Help with shorter waiting times for emergency departments

Wednesday 09 Jan 19

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John Bruntse Larsen
PhD student
DTU Compute
+45 45 25 34 62

PhD at DTU

Learn more about a PhD at DTU and about our Industrial PhD programme at DTU
A new DTU research project seeks to reduce bottlenecks and optimize human resources in hospital accident and emergency departments.

Very long hospital waiting times in Danish A&E departments are a familiar problem, causing stress and annoyance to patients and hospital staff alike. But what can be done about waiting times and bottlenecks in A&E, and how can hospitals plan their way out of being understaffed or overstaffed in the face of changes, or when A&E comes under extra pressure?

Industrial PhD John Bruntse Larsen of DTU Compute is investigating this in cooperation with the company PDC A/S in the ‘Hospital Staff Planning with Multi-Agent Goals’ research project. In the project, John Bruntse Larsen is developing prediction algorithms or mathematical models to optimize planning, identify patients at risk, and for inclusion in decision-making support tools in the form of an app or other IT tools for staff in a hospital A&E Department.

Algorithms and mathematical models predicting flow in A&E
“In the project, I work with very large amounts of historical data from previous patient care and ongoing, current data on patients and hospital staff from A&E and other departments at a hospital in the Capital Region of Denmark. With this in mind, I build algorithms and mathematical models to predict how the flow of patients will look hour by hour—as well as day by day. The aim is to give A&E a means of predicting how the Department will be in future. This could be a general idea of how long it will take to register patients, depending on whether the doctors decide A or B, or when is the best time to get new beds ready, and so on,” John Bruntse Larsen explains.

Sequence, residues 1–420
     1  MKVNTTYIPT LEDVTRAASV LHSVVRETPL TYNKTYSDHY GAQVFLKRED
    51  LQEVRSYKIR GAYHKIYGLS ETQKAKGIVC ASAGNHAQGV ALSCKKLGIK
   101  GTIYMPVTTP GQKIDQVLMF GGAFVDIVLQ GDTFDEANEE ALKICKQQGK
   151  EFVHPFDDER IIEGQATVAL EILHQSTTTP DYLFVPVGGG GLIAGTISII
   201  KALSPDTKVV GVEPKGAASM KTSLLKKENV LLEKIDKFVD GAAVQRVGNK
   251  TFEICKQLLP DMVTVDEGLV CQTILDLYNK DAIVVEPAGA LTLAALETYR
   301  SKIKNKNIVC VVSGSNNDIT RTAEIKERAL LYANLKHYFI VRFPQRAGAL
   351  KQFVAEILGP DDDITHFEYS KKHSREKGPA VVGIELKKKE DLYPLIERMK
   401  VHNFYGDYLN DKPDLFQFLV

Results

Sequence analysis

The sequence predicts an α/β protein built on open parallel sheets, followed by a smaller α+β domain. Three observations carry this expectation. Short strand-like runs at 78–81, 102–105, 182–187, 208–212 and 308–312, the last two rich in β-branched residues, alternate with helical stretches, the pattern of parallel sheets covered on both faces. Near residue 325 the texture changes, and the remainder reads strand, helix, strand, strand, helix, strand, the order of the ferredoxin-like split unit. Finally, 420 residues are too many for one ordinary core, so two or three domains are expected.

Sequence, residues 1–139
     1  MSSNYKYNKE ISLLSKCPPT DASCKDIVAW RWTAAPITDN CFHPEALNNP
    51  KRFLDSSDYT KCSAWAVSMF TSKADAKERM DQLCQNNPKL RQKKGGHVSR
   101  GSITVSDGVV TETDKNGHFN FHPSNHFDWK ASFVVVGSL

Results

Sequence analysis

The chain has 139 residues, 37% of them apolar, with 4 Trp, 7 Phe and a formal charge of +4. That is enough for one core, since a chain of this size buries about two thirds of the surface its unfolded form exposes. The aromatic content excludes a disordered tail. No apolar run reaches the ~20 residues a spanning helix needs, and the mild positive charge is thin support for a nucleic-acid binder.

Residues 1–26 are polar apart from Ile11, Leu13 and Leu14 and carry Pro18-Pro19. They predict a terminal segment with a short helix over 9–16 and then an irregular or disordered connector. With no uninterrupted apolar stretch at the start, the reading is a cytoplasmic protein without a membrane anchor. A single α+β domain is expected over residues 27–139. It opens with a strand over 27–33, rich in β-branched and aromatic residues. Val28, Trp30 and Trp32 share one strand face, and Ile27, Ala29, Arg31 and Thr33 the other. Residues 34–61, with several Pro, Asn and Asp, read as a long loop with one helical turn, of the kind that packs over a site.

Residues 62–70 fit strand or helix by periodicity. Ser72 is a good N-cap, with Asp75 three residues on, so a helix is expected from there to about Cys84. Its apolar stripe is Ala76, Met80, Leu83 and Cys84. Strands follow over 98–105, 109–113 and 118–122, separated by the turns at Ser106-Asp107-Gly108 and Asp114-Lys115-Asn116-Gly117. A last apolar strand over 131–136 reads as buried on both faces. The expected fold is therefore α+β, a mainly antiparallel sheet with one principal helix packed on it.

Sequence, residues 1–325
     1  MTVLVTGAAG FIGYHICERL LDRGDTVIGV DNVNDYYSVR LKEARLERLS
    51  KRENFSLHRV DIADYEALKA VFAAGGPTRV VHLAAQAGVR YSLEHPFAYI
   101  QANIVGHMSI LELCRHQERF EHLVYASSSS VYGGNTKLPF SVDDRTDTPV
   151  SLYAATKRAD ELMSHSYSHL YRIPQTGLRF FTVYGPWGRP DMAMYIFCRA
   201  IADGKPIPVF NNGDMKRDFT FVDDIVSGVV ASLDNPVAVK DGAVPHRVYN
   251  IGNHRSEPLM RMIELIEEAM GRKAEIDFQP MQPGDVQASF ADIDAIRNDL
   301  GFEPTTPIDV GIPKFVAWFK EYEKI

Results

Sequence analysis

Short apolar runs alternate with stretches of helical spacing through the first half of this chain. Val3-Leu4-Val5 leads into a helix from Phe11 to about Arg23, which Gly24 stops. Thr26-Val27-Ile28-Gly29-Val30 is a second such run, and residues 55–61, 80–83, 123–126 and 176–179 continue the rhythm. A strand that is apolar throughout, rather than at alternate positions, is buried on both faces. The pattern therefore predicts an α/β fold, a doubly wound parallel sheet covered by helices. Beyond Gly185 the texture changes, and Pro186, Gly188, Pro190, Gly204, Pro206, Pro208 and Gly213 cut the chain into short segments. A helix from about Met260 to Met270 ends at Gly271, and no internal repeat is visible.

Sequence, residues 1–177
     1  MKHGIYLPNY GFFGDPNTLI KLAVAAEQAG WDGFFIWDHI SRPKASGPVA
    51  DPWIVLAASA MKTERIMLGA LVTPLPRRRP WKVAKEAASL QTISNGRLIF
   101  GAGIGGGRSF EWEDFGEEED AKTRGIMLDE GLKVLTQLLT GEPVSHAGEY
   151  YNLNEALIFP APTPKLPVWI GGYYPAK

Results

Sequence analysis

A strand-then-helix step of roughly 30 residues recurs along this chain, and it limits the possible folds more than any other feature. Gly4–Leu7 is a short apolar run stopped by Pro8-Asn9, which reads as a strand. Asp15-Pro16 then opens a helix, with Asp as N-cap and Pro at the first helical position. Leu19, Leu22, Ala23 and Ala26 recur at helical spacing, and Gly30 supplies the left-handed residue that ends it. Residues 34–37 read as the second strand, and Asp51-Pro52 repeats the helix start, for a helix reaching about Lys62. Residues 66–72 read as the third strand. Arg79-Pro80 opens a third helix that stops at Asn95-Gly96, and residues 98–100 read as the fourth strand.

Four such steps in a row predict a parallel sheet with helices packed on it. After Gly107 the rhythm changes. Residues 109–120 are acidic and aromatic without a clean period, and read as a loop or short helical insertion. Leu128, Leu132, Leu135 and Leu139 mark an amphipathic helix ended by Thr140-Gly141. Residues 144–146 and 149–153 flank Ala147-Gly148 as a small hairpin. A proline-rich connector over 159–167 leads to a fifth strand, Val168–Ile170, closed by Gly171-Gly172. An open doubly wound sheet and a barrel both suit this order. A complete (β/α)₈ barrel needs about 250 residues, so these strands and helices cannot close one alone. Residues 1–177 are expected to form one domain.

The challenge of imitating reality
“The mathematical models in the project mimic the interaction of staff, patients and IT systems, both in A&E and in other hospital departments, in what’s known as a multi-agent system. Artificial intelligence defines an agent as an autonomous unit capable of understanding things happening in its environment and having the ability to act in and thereby affect its environment. An agent may be a robot with sensors and motors, but an agent can also be an independent program in a computer system. In my research project, an agent is a player such as a doctor, nurse or patient in A&E or some other hospital department, and each agent is translated into an independent computer program. The different programs or players interact with each other, imitating real life,” John Bruntse Larsen explains.

“The challenge of developing mathematical models or programs is to assess what data is relevant. It requires insight into the area being studied—in this case, a hospital—and an evaluation of whether the imitation and predictions actually hold true.

“I’m working on the solutions to both challenges. I’ve visited a hospital to gain insight into their work processes, and I’ve experimented with modelling this. My final model could potentially be developed for application in other hospitals departments,” John Bruntse Larsen says.

The industrial PhD project is expected to be completed in 2019.

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